What are the four criteria? First, the king cannot be a foreigner. A foreign king might not serve in the best interests of Israel and might even ensnare Israel into worshipping foreign gods. Second, the king must not have too many horses. A king obsessed with owning lots of horses might be driven to sell his own people to acquire more and more horses, thus returning Israelites to servitude in Egypt, which happened to be a great exporter of horses in the ancient near east. Third, the king must not have too many wives, lest his personal, familial concerns divert his attention from matters of governance. Fourth, he must not be a person of excessive wealth. Too much wealth might be corrupting. These criteria make perfect sense. Indeed, together they suggest something about the character of king that God would want to reign over Israel, namely loyal, humble, honest and clear-thinking.
Guiding Israel’s choice of a king, however, is insufficient to allay God’s concern over how the king will reign once on the throne. The king might measure up to each of the four criteria and still fail to govern Israel as God would like. Thus, God commands that once the king is seated on his throne, “he shall write a copy of the Torah for himself” to keep by his side, “to read so that he may learn to fear God, to observe faithfully every word of God’s Teaching” (17:18-19). This Torah was likely the book of Deuteronomy, “a repetition of the laws and history known from the earlier books of the Torah” and not the entire scroll of Torah that we read from today (Etz Hayim Torah and Commentary, New York, The Rabbinical Assembly, 2001, p. 1092).
We might be impressed that the king himself actually writes a book of Torah, which, to be sure, is a matter of debate. But what is truly impressive, to my mind, is the idea that the king studies and is guided by God’s teachings and governs not merely by whim or expediency. The king is expected to be learned of Torah and faithful to the God of Israel and the values that God represents. What a concept!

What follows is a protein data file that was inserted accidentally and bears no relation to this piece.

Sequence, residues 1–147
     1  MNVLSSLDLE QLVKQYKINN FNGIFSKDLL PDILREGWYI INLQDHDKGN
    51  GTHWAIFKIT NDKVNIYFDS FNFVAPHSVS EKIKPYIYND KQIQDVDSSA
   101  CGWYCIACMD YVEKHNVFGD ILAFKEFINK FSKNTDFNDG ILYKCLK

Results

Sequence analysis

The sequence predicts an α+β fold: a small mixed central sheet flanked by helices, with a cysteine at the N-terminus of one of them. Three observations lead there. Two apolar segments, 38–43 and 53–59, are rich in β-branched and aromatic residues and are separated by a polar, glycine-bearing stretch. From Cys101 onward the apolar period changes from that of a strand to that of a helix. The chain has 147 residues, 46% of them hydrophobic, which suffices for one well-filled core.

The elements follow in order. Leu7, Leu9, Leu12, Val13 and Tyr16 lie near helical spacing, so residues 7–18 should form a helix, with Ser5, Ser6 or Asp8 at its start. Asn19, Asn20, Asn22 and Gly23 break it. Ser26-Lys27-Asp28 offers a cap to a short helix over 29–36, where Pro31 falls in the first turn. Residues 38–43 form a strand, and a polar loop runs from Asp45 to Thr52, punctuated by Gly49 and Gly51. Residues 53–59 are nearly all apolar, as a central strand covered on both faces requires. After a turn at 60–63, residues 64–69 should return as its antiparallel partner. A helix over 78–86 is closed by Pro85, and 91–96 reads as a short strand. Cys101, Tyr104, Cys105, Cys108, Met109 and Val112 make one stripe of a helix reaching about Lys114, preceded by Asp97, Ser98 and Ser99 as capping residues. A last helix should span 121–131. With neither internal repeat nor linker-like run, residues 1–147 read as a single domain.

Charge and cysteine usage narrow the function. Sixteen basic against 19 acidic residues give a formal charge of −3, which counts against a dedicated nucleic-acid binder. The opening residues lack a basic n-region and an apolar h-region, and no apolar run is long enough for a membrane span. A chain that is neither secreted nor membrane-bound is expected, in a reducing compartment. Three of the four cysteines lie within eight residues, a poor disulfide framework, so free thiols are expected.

Now, this isn’t the place to go over the history of Israel’s kingship. I invite you to read the Books of Kings for an introduction. Suffice it to say that some kings knew their Torah and were men of faith and some did not and were not. Some kings tolerated idol worship, and other kings cracked down on it. God approved of the latter while bringing the former to terrible ends.
In the United States, prospective nominees for president have hit the streets and are trying to convince us why they should be president. I wonder what it would be like to hold them to the criteria of character implicit in this week’s Torah reading. Can we find two candidates for president who are loyal, humble, honest and clear-thinking? I continue to hold out hope.
Moreover, I wonder what will become of the winner once he or she takes office. What book of “Torah” will that person read and study? The Constitution? The Bible? Which Bible? The newspapers? Which newspapers? What set of values will guide our president, if any? We cannot know these things for sure. Indeed, what we learn from this week’s Torah portion is that even when we we’ve elected the one person in whom we have the most trust, we have no assurance that the person will govern as we had hoped he or she would. Maybe we should expect our nation’s leader to do as the Torah literally suggests: sit down, write out a copy of “Torah,” and keep it by his or her side every day while under oath.